Tuesday, April 15, 2008

The Malaysian Insider Report - Anwar's Comeback April 15, 2008

Yesterday 'Black 14', today 'White 15'?

The crowd of Anwar loyalists in Kampung Baru, Kuala Lumpur ready to celebrate Monday night. — The Malaysian Insider picture by Choo Choy May

By Debra Chong

KUALA LUMPUR, April 15 – In the past, supporters of Parti Keadilan Rakyat and its founder, Datuk Seri Anwar Ibrahim, would greet the date of his incarceration for corruption and ban from politics with fresh tears and a whole new load of fears. Not this year.

This year marked the end of his ban from active politics. And they greeted it with elation, jubilation and not a little impatience.

From the onset, the celebratory mood was apparent. Jalan Dewan Sultan Sulaiman in Kampung Baru was lined with a parade of hawker stalls offering steamed corn, steamed nuts and party gear – one enteprising fellow had set up stall right outside the gates of the Sultan Sulaiman Club selling LED devil horns that lit up – which the hungry horde gobbled while waiting for their leader to arrive.

In the club compound, the organisers had set up a giant projection screen atop the clubhouse showing video clips of the early, heady days of the Reformasi movement. It certainly helped move time forward for the antsy crowd.

At 9pm, upon the arrival of Anwar at that historic bastion of freedom fighters, the 10,000 strong crowd burst into thunderous applause and cheers of “Reformasi!”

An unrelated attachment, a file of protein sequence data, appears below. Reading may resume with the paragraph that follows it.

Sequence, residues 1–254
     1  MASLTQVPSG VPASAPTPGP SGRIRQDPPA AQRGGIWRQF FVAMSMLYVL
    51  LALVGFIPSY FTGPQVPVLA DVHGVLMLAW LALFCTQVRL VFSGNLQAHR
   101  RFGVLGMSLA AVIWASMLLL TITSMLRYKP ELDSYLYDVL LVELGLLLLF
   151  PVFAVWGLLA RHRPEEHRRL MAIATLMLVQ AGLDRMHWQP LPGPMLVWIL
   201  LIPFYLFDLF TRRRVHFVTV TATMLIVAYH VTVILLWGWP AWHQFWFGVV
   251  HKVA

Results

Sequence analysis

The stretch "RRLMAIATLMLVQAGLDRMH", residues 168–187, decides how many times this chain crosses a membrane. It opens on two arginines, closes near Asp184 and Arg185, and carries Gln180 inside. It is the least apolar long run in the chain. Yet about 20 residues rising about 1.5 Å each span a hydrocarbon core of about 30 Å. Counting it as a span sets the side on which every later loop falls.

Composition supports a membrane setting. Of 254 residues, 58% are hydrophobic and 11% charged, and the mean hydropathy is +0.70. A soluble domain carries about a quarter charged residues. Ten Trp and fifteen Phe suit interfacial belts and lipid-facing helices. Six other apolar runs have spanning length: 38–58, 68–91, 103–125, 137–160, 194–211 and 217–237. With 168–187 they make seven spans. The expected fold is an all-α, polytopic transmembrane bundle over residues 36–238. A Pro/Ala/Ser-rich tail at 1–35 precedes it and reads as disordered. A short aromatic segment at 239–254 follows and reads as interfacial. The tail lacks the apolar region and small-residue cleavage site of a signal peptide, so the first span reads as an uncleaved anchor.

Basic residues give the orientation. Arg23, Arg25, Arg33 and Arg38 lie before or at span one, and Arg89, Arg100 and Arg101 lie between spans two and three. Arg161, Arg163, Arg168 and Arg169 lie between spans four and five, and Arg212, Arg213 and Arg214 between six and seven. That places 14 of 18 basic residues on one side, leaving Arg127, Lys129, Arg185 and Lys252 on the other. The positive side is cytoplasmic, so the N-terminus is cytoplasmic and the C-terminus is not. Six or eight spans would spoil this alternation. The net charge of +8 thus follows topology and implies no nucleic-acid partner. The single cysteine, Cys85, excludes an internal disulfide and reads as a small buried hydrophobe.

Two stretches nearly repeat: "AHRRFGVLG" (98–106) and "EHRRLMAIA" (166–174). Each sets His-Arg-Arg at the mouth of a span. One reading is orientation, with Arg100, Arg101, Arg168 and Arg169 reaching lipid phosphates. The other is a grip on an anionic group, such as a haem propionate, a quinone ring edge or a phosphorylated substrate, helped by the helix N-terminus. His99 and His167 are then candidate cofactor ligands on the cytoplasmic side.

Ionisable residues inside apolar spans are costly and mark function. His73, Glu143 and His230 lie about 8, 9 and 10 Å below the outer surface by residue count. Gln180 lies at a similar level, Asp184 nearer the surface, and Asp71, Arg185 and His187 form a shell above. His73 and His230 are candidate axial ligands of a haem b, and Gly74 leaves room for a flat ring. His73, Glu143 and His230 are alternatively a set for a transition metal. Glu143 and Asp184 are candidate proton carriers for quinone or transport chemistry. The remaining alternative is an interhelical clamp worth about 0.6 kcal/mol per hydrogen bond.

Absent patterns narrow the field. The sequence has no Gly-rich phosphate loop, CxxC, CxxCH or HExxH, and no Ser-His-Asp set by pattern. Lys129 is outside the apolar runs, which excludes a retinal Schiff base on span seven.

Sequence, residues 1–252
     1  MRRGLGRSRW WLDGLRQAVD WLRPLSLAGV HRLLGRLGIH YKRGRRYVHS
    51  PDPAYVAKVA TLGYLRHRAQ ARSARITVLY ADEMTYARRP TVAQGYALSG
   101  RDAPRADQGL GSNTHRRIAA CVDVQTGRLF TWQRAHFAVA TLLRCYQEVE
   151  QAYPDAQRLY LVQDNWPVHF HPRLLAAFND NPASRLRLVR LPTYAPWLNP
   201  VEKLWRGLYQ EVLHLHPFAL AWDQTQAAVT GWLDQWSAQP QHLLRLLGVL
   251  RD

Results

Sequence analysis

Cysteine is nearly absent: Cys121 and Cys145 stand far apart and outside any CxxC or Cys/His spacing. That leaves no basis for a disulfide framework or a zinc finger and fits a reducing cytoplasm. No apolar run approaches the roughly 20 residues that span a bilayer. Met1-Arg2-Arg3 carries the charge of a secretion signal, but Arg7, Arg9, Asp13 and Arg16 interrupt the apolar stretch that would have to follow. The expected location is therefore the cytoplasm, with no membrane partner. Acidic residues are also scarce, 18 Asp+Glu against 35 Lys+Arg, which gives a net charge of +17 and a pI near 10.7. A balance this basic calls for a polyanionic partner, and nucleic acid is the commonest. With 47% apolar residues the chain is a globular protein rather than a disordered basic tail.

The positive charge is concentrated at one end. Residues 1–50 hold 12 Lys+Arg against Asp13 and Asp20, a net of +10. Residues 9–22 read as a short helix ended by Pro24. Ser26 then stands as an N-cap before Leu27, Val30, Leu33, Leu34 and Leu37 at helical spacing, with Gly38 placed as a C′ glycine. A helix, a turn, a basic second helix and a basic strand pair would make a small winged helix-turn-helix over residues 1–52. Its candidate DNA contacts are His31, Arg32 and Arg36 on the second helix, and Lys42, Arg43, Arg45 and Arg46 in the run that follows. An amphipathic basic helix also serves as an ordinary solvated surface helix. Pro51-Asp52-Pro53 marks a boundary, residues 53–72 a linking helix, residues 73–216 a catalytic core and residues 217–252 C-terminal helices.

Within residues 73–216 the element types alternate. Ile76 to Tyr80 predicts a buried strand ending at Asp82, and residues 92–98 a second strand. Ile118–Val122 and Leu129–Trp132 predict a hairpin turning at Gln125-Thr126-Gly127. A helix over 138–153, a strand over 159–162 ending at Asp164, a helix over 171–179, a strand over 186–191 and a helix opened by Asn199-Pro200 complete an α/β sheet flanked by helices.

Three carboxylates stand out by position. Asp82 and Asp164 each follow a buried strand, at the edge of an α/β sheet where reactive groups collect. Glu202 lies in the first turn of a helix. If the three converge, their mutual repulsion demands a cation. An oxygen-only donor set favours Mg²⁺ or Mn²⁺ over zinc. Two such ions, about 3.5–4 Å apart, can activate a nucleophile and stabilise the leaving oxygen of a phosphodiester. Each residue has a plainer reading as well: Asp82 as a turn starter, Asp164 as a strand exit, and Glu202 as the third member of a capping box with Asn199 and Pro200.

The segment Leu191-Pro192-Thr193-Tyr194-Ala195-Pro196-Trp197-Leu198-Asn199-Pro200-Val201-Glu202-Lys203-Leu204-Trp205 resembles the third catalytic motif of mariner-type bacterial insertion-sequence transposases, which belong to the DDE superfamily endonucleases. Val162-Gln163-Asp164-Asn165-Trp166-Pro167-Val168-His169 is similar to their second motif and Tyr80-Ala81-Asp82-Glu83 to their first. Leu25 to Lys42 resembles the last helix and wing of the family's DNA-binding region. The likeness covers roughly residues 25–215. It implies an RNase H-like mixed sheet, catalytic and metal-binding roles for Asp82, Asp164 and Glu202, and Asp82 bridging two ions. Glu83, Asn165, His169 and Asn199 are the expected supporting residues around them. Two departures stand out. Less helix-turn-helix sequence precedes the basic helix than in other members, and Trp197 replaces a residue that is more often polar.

While mindful of the presence of the police, backed up by an army of Federal Reserve Unit and Light Strike Force personnel, they were not shy of showing their exuberant support for the former deposed Umno No 2, the man they have all but crowned head of government.

They followed through with a particularly spirited rendition of the national anthem. The crowd comprised an astonishingly mixed following that cut across all sections of society: young, old, male, female, pregnant, not, Malay, Chinese, Indian, Bidayuh, Iban, Kadazan, Mat Salleh, Eurasian.

They didn't mind that they had to park their butts on the damp, grassy – and at times, muddy – open air field. But they minded when the police sought to interrupt Anwar's speech just as he was about to wrap it up.

That Anwar could contain their wrath with just a few words testified to the strength of support accorded to PKR in these new and somewhat uncertain times. That Anwar could avoid a potential volatile situation between his loyalists and the police from blowing up signifies a refreshing mindset.

Black 14 ended earlier than expected, but perhaps April 15 will see the dawn of a clean slate for everyone.

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